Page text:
When Utah governor Spencer Cox, a Republican, vetoed his state's effort to ban transgender athletes from sports, he pointed out that out of 75,000 high schoolers who played sports in the state, there are only four known transgender athletes. State lawmakers overruled him, but a state court recently halted the law as part of a lawsuit brought by the parents of transgender athletes, The Washington Post reported.
“Four kids and only one of them playing girls sports. That’s what this is all about,” Cox wrote. “Four kids who aren’t dominating or winning trophies or taking scholarships. Four kids who are just trying to find some friends and feel like they are part of something.”
Kentucky’s governor, Andy Beshear (D), at first also vetoed the sports ban authored by Mills when it passed alongside laws in 17 other states. State lawmakers easily overrode him.
Appeared before an audience of state lawmakers in Frankfort, Ky., who sought to ban girls such as her from playing, Fischer Wells said, “I really don’t want this bill to pass, because that means I can’t play,. And that will be extremely detrimental to my mental health, because it’s a way to help me cope with things.”
The bill became law three months later.
Wells was invited to speak with members of Congress over the summer but declined. She learned she would get to talk to legislators only for a couple of minutes at a time, and she said that felt “disingenuous.”
One bill that failed in this year’s session in Kentucky would bar Wells and other youths from getting gender-affirming health care, such as puberty blockers and hormone therapy that assists them in their transition. A similar measure has already passed in Alabama and Texas, forcing families with transgender children to seek care out of state.
The Women’s Sports Foundation holds that youth sports should be open to transgender athletes without restrictions. But at the elite level, the foundation “believes that appropriate governing bodies can and where necessary should set reasonable, evidenced-based standards,” which sometimes include blocking athletes from competition during transition and mandating drugs that suppress testosterone production. FINA, swimming’s world governing body, voted to bar transgender athletes from competing in elite women's events.The Biden administration plans to create rules protecting transgender students from discrimination — but said it had not yet decided how to proceed with accommodating transgender students in sports.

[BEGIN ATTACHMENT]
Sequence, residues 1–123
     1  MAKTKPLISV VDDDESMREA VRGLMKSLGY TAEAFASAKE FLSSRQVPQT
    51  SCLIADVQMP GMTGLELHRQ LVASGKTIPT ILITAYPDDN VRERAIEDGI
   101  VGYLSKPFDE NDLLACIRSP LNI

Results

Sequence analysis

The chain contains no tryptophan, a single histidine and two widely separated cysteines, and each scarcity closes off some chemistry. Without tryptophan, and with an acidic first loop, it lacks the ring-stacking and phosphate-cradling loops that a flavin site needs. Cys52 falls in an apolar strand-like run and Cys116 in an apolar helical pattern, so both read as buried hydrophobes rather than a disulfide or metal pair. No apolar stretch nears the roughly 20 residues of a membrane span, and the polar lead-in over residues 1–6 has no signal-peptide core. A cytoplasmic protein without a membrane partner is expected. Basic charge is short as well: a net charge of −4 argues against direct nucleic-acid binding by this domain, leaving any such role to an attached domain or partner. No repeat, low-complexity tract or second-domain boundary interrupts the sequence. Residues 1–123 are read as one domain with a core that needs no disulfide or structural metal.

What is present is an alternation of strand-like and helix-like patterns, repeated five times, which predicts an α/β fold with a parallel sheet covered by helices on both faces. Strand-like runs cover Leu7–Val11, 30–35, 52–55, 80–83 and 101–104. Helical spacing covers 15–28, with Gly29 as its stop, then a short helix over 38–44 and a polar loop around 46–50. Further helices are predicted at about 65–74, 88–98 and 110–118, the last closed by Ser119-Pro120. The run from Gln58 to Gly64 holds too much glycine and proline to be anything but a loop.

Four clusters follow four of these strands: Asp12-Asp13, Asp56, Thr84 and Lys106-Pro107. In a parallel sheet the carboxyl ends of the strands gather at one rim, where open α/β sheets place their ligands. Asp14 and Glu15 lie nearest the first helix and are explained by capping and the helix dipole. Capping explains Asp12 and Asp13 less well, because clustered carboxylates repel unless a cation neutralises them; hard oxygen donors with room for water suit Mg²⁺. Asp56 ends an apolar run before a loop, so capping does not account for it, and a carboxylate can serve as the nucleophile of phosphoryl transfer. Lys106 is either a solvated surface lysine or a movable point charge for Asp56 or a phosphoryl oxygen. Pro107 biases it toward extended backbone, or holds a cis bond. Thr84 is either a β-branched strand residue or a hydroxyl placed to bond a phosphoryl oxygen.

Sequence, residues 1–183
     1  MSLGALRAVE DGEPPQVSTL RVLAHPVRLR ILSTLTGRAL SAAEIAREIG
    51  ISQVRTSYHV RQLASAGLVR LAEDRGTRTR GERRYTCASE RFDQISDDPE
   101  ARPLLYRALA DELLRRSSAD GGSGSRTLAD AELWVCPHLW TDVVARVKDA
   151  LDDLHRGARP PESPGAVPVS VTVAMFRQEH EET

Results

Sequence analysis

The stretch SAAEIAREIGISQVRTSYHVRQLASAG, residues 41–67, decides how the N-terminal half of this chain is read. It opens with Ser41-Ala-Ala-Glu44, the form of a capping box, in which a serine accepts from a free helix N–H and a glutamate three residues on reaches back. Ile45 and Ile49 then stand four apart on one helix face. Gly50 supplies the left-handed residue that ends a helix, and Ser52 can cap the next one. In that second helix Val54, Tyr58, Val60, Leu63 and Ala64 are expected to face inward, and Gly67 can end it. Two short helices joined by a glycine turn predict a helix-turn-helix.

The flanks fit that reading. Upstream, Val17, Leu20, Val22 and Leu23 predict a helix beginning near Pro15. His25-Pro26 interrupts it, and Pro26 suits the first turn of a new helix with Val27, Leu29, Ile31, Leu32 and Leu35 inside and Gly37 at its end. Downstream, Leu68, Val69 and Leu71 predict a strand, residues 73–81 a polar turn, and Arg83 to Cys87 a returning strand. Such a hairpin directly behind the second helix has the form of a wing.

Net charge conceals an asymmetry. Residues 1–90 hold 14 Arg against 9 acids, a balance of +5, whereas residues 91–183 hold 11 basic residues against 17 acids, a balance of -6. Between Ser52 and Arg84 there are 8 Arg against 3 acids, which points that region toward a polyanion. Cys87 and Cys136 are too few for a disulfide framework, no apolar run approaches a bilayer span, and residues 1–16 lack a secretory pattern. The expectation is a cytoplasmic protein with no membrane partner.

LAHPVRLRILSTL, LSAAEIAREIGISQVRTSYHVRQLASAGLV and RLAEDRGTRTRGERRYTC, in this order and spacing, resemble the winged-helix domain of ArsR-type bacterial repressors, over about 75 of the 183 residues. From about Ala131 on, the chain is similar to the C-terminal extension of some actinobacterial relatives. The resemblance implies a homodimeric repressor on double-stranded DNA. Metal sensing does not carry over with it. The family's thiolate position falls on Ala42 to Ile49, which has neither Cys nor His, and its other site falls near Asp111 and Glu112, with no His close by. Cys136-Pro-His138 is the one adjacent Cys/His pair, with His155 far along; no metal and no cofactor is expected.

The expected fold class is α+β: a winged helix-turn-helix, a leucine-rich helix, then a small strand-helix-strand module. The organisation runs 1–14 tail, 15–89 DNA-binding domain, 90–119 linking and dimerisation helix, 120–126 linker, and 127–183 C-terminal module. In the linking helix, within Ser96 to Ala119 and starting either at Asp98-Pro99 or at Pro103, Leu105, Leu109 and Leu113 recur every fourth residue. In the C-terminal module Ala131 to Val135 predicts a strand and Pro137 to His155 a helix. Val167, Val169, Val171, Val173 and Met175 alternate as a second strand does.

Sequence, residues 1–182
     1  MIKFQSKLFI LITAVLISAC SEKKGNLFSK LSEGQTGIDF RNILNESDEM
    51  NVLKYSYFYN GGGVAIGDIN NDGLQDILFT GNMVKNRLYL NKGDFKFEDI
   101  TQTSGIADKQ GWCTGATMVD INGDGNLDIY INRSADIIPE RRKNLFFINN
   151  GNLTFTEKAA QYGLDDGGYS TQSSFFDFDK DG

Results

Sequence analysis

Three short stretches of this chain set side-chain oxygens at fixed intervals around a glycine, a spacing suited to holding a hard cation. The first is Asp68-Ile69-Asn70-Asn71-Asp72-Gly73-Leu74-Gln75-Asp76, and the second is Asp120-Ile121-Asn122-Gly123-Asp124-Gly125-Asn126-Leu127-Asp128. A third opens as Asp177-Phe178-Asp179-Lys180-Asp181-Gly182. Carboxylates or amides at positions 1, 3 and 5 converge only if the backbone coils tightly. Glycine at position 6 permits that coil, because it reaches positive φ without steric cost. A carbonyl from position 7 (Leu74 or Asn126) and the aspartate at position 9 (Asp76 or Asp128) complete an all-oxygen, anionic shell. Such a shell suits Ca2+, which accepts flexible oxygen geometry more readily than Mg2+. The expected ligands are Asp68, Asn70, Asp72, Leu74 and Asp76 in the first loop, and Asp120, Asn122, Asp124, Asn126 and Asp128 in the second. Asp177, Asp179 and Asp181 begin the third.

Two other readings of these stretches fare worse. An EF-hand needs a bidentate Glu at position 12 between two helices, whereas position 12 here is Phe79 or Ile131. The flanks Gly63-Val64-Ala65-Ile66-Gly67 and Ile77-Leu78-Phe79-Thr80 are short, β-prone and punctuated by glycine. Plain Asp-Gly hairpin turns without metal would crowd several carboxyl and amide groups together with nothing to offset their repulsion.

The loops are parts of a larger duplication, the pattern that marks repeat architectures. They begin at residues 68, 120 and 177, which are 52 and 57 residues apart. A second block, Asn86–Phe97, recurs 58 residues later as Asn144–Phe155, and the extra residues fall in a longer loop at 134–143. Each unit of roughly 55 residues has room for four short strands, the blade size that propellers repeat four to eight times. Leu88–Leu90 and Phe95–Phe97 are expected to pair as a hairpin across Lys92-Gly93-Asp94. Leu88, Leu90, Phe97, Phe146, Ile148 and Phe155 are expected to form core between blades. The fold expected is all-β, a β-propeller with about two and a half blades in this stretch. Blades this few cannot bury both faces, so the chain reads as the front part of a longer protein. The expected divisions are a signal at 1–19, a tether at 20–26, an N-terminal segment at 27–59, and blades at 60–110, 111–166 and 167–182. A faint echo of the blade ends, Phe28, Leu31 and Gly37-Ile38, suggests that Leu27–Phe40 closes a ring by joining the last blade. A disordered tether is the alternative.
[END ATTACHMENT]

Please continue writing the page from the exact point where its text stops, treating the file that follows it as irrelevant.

Transgender athletes are particularly vulnerable, because many of those who support their full and total inclusion in other arenas of life — in bathrooms and locker rooms, on revised birth certificates, in dress codes — hesitate when it comes to sports, The Washington Post reported. It’s an attempt to protect cisgender female athletes, who are already grossly underserved in all areas of sport, from pay to facilities to broadcast time.
Wells began eighth grade this month and watched her classmates return to the field hockey team she helped create. She is weighing playing on a YMCA team, according to The Washington Post.